By Francis Ewherido
Many hearts – parents, students and other concerned Nigerians – sank when the Academic Staff Union of Universities “after a heated meeting” of the national executive council of the ASUU, decided to extend the ongoing strike by the union. From extension, it has become an indefinite strike. Government has been talking, ASUU has also been talking, but none of them is making sense to parents, students and many Nigerians any more. Government says it can no longer fulfil the agreements it voluntarily went into. ASUU says government is a chronic breaker of agreements and it can no longer be trusted. Parents, students and embarrassed Nigerians just want the schools to resume lectures. You can say parents and students are selfish, but ASUU and government cannot be exonerated from selfishness and insensitivity.
Government officials fly their children abroad for university education, while ASUU members allow their beloved students (including their children) to rot at home. No party is making sense anymore. One student got admission at the age of 19. He thought he would graduate at 23 and complete his National Youth Service at 24 years. That would give him about a year to get a job, even if it looks unrealistic, before he is 25. Many big organisations do not employ fresh graduates above 25 years old. May be these corporate organisations need to review the age limit for employment of fresh graduates. It is not their fault that they are graduating age 26 and above. Only students in private universities in Nigeria or those who schooled abroad graduate below 25 these days. To graduate from a government-owned university before 25 years is becoming a rarity. What is their crime? Their parents are not rich enough to send them abroad or to private universities. Some students whose parents and sponsors lost their sources of livelihood because of the global downturn in the economy will now struggle to raise funds to enable them to graduate. Some students may have their have academic pursuits truncated.
Since this strike started I have always been on the side of ASUU. The government made commitments and it should fulfil them. They include the promise to a release of revitalization fund of 170b, to be included in 2023 budget, and the promise of earned allowance of 50b for all the university-based unions, also to be included in 2023 budget. The government should pay them. Where the government does not have all the money to fulfil its promises, it should approach ASUU with a humble and contrite heart. You cannot be a debtor and be grandstanding. Government should not behave like articulated vehicles on Nigerian roads. They bully other road users, even when they are in the wrong. Government insincerity with ending the ASUU crisis was badly exposed when the entire Abacha loot refund was devoted to funding physical infrastructure. Not a single penny for ASUU. We were taught in school that human development supersedes physical development; so what happened?
But I feel ASUU should go to the negotiating table with an open mind. On the issue of asking for payment for the period they were on strike, my position is that they should not treat it as an entitlement, but discuss and appeal to government. They knew about the no work, no pay policy before they went on strike. It cannot be not an entitlement, but ex gratia payment (payment made not as an entitlement, but out of grace) which government should oblige. Threatening that they will not do the academic work they would have done that period of strike if they are not paid is blackmail. They should negotiate it and not take unilateral decisions. ASUU should soften up not because it is the weaker party, but the more mature and empathetic party. In marriages, the advice is that it is not necessarily the spouse that is wrong that must be the one to initiate reconciliation; it is the more mature party who does. That is what ASUU should do. Show initiative not necessarily because all their demands have been met but out of maturity and empathy. Government is a continuum. ASUU should get the best it can from the ongoing negotiation and continue when a new government comes in. I read somewhere that ASUU wants all their demands met before calling off the strike. I do not believe that because negotiations demand “give and take” dispositions. Whatever they can get from this government, they should take and be patient till the next government comes in. By May 29, 2023, this government will leave office. ASUU should organise a forum where all the presidential candidates, or the top five candidates, will tell ASUU and Nigerians how each of them intends to end incessant ASUU strikes in universities and bring stability to the educational system. That will give Nigerians an idea of how they want to solve one of the problems besetting us. ASUU is not in a supreme battle with government to know who blinks first. ASUU should act fast. Some of the demands pre-date this government. By May 29, a new government will come in and the negotiations can continue.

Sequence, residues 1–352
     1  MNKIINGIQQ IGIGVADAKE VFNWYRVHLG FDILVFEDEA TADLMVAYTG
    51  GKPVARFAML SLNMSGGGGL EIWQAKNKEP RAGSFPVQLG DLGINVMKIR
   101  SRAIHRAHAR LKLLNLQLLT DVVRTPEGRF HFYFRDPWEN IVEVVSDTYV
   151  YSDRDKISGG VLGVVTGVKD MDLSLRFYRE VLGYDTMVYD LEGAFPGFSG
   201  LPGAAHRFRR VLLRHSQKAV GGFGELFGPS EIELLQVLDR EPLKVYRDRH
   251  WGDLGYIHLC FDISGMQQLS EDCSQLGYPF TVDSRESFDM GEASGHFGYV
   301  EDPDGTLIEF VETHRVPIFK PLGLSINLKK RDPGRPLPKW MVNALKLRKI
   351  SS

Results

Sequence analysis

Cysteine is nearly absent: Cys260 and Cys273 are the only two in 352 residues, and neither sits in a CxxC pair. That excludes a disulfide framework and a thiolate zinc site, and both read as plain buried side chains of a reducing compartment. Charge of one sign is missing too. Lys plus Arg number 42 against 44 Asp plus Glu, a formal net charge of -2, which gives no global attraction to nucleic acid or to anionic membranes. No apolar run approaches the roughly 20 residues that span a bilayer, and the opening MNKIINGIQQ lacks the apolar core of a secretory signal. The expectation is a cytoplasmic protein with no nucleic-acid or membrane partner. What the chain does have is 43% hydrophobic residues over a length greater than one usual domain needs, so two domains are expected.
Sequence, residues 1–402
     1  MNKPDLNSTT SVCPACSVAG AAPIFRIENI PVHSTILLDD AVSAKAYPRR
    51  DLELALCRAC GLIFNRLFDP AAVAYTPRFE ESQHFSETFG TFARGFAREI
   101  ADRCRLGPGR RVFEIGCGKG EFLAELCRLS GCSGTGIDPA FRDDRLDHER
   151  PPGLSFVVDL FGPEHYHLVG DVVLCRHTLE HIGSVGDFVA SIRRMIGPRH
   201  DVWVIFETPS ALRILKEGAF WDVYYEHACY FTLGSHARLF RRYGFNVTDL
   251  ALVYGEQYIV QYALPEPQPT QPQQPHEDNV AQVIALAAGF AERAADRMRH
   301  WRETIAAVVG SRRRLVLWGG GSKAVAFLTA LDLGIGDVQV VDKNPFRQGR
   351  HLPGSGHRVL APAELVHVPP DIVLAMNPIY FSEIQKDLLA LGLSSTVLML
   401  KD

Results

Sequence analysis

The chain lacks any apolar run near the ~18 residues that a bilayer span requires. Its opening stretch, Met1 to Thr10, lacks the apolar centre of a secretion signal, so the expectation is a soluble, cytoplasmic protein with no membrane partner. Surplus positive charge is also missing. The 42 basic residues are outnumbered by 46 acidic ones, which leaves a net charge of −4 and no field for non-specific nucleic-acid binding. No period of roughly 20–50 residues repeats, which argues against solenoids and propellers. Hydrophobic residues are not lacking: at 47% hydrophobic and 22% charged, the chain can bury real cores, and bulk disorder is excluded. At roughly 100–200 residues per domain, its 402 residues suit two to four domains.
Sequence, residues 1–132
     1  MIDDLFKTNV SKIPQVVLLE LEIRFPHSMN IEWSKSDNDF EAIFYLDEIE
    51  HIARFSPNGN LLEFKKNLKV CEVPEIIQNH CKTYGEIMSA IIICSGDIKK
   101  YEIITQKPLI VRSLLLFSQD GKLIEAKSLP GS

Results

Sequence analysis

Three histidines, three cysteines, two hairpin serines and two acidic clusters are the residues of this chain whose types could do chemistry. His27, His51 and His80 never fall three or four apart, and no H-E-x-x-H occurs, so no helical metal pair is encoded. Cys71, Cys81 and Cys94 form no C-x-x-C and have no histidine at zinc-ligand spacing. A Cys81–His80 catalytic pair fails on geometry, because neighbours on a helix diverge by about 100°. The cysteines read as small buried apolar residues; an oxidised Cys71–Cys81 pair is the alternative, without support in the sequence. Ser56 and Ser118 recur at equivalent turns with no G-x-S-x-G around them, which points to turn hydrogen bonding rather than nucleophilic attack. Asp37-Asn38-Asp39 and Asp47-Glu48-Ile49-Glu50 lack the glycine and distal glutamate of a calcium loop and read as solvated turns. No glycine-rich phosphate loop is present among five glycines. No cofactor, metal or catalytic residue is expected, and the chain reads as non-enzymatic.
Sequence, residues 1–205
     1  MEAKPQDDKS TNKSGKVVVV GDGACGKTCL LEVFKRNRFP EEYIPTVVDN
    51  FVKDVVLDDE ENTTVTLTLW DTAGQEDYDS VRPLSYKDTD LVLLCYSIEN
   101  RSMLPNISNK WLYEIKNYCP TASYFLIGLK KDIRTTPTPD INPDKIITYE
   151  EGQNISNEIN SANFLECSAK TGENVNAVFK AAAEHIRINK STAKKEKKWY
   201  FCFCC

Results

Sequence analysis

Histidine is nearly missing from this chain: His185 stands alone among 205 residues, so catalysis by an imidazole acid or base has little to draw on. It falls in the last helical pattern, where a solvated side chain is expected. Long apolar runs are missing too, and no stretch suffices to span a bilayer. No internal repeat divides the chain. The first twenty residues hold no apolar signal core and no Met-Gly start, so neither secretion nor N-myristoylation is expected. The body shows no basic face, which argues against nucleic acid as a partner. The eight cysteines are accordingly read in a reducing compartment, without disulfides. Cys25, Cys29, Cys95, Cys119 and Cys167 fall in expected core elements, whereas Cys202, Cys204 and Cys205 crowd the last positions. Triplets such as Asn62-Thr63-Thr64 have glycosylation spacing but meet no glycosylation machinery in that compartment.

ASUU is gradually losing the support of parents and students, especially. Some university branches of ASUU have pulled out of the strike and will resume or start resuming soon. More will follow in the coming days or weeks. Before you know it, ASUU will lose its leverage. This will erode ASUU’s powers in bargaining and negotiations in the future. Now that the water is still at the ankle level, ASUU must act first and be decisive before the water gets to the knees and ultimately the ASUU ship will sink.
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